Lithium isn't uncommon. Resources is the number you want, and is much bigger than reserves. But starting up mines, refining, plants to make batteries, plants to make machines that make all the above, training staff, building infrastructure, all of this takes time.

Repeat for semiconductors, copper, steel and plastics.
I never disagreed with you on the "takes time" part, only claimed that it was "easy", in the sense that no new tech needed to be developed.
If you include nuclear power.

If you will not include nuclear power, then new technologies need to be developed. While they are, new nuclear plants will need to be built to replace existing plants as the existing plants reach end of life until the new technologies are developed and deployed at scale.

Oils4AsphaultOnly wrote: Fri May 13, 2022 4:53 pm
WetEV wrote: Fri May 13, 2022 1:30 pm Biofuels are mostly in direct competition with either human and wild animal food/shelter. There just isn't enough biofuels for the Whole Earth.
Sorry, let's agree on what's "bio fuels" first. When I read Biofuels, I read it as crops grown to produce ethanol. I'm actually advocating for banning that completely, exactly because it consumes fuel for the purpose of reducing fuel consumption. It's tech that's a waste of time and resources.

But if you're including wood into the biofuels category, then I don't think there's as much of a competition with food production as you think. The fruit orchards regularly uproot their "old" fruit trees after they stop producing. The wood would release CO2 from decomposition anyway, so burning it for heat doesn't add to the CO2 total. Burning it to produce electricity is no-go, and not what I had spelled out in my off-grid solution.
Of course wood is a biofuel. How much wood is grown every year? How does that compare with the current energy usage?

Oils4AsphaultOnly wrote: Fri May 13, 2022 4:53 pm
WetEV wrote: Fri May 13, 2022 1:30 pm
Oils4AsphaultOnly wrote: Fri May 13, 2022 11:20 am
The national grid is a trick question, since there isn't one. There are only inter-connected regional grids, of which there are 3 major ones.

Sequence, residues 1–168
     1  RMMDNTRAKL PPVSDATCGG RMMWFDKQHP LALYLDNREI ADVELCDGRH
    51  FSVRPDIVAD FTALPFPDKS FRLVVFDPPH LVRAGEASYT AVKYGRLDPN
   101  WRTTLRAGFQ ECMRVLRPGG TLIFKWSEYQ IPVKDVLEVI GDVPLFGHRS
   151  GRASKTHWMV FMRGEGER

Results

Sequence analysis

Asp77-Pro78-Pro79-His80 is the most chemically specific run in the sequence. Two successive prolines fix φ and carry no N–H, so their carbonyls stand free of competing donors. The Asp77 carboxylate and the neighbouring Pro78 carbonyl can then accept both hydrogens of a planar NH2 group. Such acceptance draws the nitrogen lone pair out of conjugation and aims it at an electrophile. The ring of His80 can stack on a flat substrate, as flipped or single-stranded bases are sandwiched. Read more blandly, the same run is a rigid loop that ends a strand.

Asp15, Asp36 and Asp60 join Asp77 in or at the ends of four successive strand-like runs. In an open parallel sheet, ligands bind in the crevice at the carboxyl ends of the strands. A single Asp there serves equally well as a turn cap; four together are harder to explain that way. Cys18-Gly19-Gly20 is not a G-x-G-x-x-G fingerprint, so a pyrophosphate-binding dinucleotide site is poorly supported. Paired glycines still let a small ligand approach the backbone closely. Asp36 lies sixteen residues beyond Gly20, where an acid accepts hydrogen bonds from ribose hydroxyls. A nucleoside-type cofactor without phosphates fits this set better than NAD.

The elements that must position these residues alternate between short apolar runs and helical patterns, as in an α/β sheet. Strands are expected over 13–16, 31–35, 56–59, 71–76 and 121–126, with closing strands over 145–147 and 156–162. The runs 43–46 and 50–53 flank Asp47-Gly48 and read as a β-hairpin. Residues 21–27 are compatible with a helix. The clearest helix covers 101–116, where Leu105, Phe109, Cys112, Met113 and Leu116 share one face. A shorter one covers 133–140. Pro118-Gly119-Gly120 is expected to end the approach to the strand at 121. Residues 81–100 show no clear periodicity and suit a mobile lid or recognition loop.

Quibble. Pick a grid. Your choice.
Why does it matter how much there currently is? There isn't enough battery storage in the grid for all the solar and wind that we already have installed. That's why there's curtailment. They are however being added, and they will have an outsized impact on the reduction of fossil fuel use in electricity generation.

But just so you have the info, there's 1.6GWh as of 2020 (https://www.energy-storage.news/eia-us- ... d-of-2020/)
Half the answer, and none of the simple math. And I think there is more as of right now.

https://www.eia.gov/energyexplained/ele ... ricity.php

3.9 trillion kWh per year.

Let me get the answer in seconds:

(1600000 kWh storage / 3900000000000 kWh per year) *365 days per year *24 hours per day *60 minutes per hour *60 seconds per hour.

Check my math, will you? I get it wrong, sometimes.

About 13 seconds. There is no massive impact on the grid from this. Or ten times this, but some impact on good renewable power days.
WetEV
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Re: Hydrogen and FCEVs discussion thread

WetEV wrote: Sat May 14, 2022 7:24 am Let me get the answer in seconds:

(1600000 kWh storage / 3900000000000 kWh per year) *365 days per year *24 hours per day *60 minutes per hour *60 seconds per hour.

Check my math, will you? I get it wrong, sometimes.

About 13 seconds. There is no massive impact on the grid from this. Or ten times this, but some impact on good renewable power days.
I redid your calculation and came up with about 13000 seconds, or 3.5 hours
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Re: Hydrogen and FCEVs discussion thread

Big difference. Usable vs unusable. Insignificant vs significant...
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Re: Hydrogen and FCEVs discussion thread

WetEV wrote: Sat May 14, 2022 7:24 am
Let me get the answer in seconds:

(1600000 kWh storage / 3900000000000 kWh per year) *365 days per year *24 hours per day *60 minutes per hour *60 seconds per hour.

Check my math, will you? I get it wrong, sometimes.

About 13 seconds. There is no massive impact on the grid from this. Or ten times this, but some impact on good renewable power days.
Correct.

T (sec) = (1.6*10^6) * (3.65*10^2)*(8.64*10^4) / (3.9*10^12) = 12.93